Wed 13th Jul: Is hotdesking bad for your back?

Is hotdesking bad for your back?

A client of mine has recently experienced exacerbation of her back pain and, as we were working through her Pilates, I asked if anything had changed in her daily life. She explained how her company have adopted hot-desking, she no longer had her own workstation so could be working at a different chair and desk everyday. I asked her if she checked her positioning before she started work and the answer was "No, I don't even think about it". And herein lies the problem and the solution.

It is estimated that 37% of companies in the City of London routinely share desks and although this is effective for the office layout, it might not always be for the individuals involved.

In a recent survey of office workers who regularly hot-desk only a third said they made adjustments when they find they're in a different chair/desk and this lack of initial assessment and adjustment has been linked to an increase in the incidence of back pain.

So what should you do when you sit down to work? And how much is the company's responsibility?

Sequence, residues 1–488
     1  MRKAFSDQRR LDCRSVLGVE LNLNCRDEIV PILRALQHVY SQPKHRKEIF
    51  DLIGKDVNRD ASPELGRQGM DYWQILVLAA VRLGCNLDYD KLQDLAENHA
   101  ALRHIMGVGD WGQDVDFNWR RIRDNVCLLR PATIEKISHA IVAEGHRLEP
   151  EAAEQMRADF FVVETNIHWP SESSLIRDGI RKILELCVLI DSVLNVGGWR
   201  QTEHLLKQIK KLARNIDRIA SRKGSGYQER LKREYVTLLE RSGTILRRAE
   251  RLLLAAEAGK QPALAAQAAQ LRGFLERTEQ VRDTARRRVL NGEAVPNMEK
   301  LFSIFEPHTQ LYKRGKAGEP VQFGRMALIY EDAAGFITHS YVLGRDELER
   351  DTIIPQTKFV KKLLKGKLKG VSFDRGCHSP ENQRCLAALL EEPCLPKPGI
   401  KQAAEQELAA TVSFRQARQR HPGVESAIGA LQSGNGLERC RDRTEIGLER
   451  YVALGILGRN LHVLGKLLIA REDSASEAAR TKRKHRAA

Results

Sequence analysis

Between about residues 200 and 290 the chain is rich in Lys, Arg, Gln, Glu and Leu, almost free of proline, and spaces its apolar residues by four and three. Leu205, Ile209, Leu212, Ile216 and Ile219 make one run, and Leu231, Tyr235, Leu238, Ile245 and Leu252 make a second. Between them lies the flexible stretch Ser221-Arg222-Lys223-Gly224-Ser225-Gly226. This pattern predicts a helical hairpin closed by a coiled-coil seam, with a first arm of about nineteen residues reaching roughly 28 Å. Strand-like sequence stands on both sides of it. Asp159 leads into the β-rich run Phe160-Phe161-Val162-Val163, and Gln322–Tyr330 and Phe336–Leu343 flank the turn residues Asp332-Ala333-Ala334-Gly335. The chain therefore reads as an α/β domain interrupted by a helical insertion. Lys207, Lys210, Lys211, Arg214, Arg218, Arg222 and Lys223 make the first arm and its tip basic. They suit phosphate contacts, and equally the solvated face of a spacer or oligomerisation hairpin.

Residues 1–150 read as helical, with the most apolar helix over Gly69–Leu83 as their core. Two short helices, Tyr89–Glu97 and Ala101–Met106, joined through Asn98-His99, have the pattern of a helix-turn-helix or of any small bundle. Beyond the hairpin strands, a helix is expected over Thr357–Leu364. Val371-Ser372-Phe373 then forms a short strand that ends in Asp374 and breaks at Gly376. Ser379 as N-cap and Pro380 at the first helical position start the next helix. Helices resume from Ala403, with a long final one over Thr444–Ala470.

Some companies now routinely employ ergonomic consultants and if so this should be your first port of call, ask the experts. And sufficiently adjustable chairs, foot rests and screen heights should be standard in the work place. There are a few simple steps you can also take yourself:

1.When you sit down, check your chair and adjust it if you need to so you can place your feet on the floor with your hips slightly higher than your knees and your bottom back in the chair for lumbar support.Chairs with arm supports are good as they remind us to regularly do just that, rest your arms. Change the position of your feet to find you can sit steady, moving them wider if needed.

2.Now look at your screen, it should be arms-length away and the top level of text level with your eyes. You cna adjust the level of the screen using books or look at the perspex lecterns that are available to riase the screen or your laptop to the optimal height. 

3. Check you can use your mouse without cricking your neck and use wrist support if needed, look at a mousemat with integral wrist support. 

4. The most obvious one that we all forget: Take regular breaks, move around. 40minute sessions then at least a few shoulder shrugs, slouch and grow tall, circle your ankles etc. Download "Pilates in sitting" from www.ipilates.co.uk onto your computer or ipod and let me lead you through some releasing, energising movements to lighten your day.

http://www.physiopilatesonline.co.uk/main.php http://www.desktop-innovations.co.uk/ http://www.ergonomics.co.uk/arm_wrist_supports.html